On this date a year ago Barack Obama received the honorary degree that punctuated the grave scandal perpetrated by the President John Jenkins and his administration colleagues at the University of Notre Dame.
Just a week ago I read a news report that brought the ongoing moral and spiritual tragedy at Notre Dame back to mind. Anne Brophy, a golfer playing for Notre Dame in an NCAA tournament was reportedly caught cheating. “…Brophy was keeping an accurate score on her own card, she was flat out making up scores for volunteers to post as she went along.” Her faked low score on the front nine “was helping to keep the Irish alive in the tournament. NCAA officials caught up with Brophy on the 11th hole to keep an eye on her — and what they saw confirmed their suspicions that something freaky was going on.” After confirming their suspicions, NCAA officials “yanked her off the course, disqualifying her for unsportmanlike conduct.” An NCAA official “indicated that she believed Brophy was having a little fun.”
As the local Bishop pointed out at the time, when President Jenkins and his colleagues honored Obama they sacrificed moral truth for worldly reputation and influence. They set an example for their own students, and for others throughout the world, that such worldly gain matters more than respecting God’s clear command with respect to innocent life. Anne Brophy’s misconduct may have been just a little thing. But shouldn’t the education she received at a supposedly Catholic university have helped her to remember what Christ said about being faithful in little things?
Barack Obama is the most powerful champion of the right to murder nascent children in the world today. A Catholic institution that honors his judgment and character is faithless to God in a very big way. With the shadow of such towering disrespect darkening her conscience, maybe the golfer at Notre Dame stumbled into thinking that her own integrity, honesty and good faith was but a little thing of no consequence. Maybe the example of a university administration willing to disregard the physical destruction of millions of innocent lives, and the spiritual endangerment of countless souls led her to forget that God is not willing that even one should perish. Just maybe.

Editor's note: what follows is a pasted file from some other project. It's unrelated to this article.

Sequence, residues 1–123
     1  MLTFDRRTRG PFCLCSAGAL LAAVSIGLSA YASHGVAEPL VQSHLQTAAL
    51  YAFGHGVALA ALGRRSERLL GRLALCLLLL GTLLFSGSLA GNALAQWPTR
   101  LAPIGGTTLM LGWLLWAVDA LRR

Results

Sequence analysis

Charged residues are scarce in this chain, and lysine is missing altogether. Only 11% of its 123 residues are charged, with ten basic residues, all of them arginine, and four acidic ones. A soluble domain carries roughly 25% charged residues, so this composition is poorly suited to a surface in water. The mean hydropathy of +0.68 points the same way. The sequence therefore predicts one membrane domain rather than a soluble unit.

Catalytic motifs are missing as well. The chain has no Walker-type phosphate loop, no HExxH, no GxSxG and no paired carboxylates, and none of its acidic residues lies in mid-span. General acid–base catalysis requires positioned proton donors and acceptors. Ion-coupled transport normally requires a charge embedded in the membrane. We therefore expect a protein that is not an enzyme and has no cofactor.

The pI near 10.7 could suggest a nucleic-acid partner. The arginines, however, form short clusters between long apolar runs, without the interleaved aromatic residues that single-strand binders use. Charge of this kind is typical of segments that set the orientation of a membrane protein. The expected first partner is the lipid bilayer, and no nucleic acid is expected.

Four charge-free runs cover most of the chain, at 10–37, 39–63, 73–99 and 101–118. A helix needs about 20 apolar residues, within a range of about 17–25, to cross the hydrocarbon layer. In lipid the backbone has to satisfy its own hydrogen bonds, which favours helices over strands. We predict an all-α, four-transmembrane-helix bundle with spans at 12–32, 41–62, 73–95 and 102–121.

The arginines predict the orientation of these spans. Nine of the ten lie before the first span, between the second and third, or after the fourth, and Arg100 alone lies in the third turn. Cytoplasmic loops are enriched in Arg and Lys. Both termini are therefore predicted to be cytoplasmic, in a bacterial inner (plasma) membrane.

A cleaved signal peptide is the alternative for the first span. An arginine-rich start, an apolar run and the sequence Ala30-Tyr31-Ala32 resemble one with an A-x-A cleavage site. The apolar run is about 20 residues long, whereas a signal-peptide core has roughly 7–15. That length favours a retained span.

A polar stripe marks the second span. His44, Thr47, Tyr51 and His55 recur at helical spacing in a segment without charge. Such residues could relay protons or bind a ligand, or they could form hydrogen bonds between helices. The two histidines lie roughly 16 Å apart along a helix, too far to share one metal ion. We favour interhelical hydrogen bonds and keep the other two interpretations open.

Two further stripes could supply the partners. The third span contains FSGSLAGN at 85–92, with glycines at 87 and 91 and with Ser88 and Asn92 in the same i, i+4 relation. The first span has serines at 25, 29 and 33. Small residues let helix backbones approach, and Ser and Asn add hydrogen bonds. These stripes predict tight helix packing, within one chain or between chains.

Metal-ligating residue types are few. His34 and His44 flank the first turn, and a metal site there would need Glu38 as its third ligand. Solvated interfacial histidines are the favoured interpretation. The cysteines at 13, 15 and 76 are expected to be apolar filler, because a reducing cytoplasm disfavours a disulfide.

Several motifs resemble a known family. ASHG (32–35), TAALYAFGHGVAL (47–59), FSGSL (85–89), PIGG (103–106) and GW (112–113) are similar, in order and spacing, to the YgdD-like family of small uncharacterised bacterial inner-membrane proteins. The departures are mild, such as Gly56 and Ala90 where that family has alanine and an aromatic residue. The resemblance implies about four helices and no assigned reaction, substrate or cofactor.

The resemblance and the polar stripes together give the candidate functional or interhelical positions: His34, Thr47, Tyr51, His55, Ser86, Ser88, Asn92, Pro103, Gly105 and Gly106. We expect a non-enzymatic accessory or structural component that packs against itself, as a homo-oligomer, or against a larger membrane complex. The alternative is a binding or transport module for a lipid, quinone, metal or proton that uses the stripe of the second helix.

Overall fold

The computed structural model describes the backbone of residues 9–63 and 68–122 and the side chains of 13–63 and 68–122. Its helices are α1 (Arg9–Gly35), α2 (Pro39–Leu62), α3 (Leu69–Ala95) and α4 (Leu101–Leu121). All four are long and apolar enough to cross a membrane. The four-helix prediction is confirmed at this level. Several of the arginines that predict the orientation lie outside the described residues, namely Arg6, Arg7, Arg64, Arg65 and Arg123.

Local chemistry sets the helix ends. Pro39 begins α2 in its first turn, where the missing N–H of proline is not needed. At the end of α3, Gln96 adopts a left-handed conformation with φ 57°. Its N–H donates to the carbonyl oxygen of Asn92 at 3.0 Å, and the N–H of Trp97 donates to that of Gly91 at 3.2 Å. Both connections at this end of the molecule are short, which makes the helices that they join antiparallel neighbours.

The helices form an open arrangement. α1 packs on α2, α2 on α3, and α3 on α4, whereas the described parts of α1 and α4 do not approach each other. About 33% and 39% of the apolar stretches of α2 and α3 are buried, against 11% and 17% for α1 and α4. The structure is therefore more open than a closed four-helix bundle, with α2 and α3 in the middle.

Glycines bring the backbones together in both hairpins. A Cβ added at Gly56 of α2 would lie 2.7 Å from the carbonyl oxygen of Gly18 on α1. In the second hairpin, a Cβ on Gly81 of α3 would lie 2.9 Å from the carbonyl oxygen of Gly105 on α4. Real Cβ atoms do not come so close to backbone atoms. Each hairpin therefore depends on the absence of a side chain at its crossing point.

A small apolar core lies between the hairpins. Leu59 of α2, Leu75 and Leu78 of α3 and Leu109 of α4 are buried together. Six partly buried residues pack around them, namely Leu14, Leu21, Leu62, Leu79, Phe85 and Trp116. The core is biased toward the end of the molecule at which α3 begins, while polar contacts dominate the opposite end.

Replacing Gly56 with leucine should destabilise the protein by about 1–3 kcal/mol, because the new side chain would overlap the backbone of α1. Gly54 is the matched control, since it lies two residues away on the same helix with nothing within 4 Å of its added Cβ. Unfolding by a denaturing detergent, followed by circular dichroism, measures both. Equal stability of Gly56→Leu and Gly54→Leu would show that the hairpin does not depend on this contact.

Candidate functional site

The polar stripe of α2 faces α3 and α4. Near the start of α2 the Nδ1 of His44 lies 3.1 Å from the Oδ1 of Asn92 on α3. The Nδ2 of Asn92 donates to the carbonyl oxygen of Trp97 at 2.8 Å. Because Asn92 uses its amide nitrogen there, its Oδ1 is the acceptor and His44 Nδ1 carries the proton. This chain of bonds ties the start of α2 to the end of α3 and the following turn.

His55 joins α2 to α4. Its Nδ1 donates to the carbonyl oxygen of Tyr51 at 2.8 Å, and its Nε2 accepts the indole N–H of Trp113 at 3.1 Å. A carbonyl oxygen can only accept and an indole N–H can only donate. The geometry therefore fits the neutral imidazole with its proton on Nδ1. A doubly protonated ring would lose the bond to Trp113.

John Jenkins has contumaciously declared that he would do again all that he did last year. With bold hypocrisy he sought publicity for his participation in this year’s March for Life, while hardening his heart to continue the abuse of those who are simply following the Church’s admonition to bear countervailing witness against such scandal as he perpetrates. Like Saul before his fateful meeting on the road Damascus, Jenkins’ self-will will not be satisfied until those within reach of his abused administrative power have suffered all possible penalties for daring to prefer God’s truth to his spirit assailing lies.
Recently the Holy Father affirmed that “Today we see in a truly terrifying way that the greatest persecution of the Church does not come from outside enemies but is born of sin within the Church.” The ongoing scandal at Notre Dame surely includes a clear instance of this persecution. But lessons that should have been driven home by the Church’s experience over the past several years substantiate the simple fact that when such abuse persists, those in the hierarchy must act to end the malfeasance of the perpetrators, or else the scandal will spread for as long as it endures unchallenged.
Abusing the name and teaching authority of the Church, President John Jenkins has made himself and the University administration he represents a living scandal, robbing the very heart of the Church of an institution faithful Catholics were moved by the Holy Spirit to build up over generations. As this continues, the spiritual mission of the Church to the Notre Dame Community and the whole community of the faithful is compromised. Can the Church’s authority be thus turned against itself without recourse or remedy? Christ said that a house divided against itself cannot stand. How stands the Church if thus divided?